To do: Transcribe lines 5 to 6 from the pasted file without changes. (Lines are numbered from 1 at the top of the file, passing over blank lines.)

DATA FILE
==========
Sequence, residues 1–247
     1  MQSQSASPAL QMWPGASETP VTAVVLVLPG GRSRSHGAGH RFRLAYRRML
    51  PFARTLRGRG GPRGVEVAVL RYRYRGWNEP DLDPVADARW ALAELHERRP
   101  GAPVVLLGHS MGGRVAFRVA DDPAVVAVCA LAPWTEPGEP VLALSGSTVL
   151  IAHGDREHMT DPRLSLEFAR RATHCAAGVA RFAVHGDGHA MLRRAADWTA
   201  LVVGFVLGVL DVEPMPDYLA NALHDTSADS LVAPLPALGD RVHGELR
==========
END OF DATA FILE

   151  IAHGDREHMT DPRLSLEFAR RATHCAAGVA RFAVHGDGHA MLRRAADWTA
   201  LVVGFVLGVL DVEPMPDYLA NALHDTSADS LVAPLPALGD RVHGELR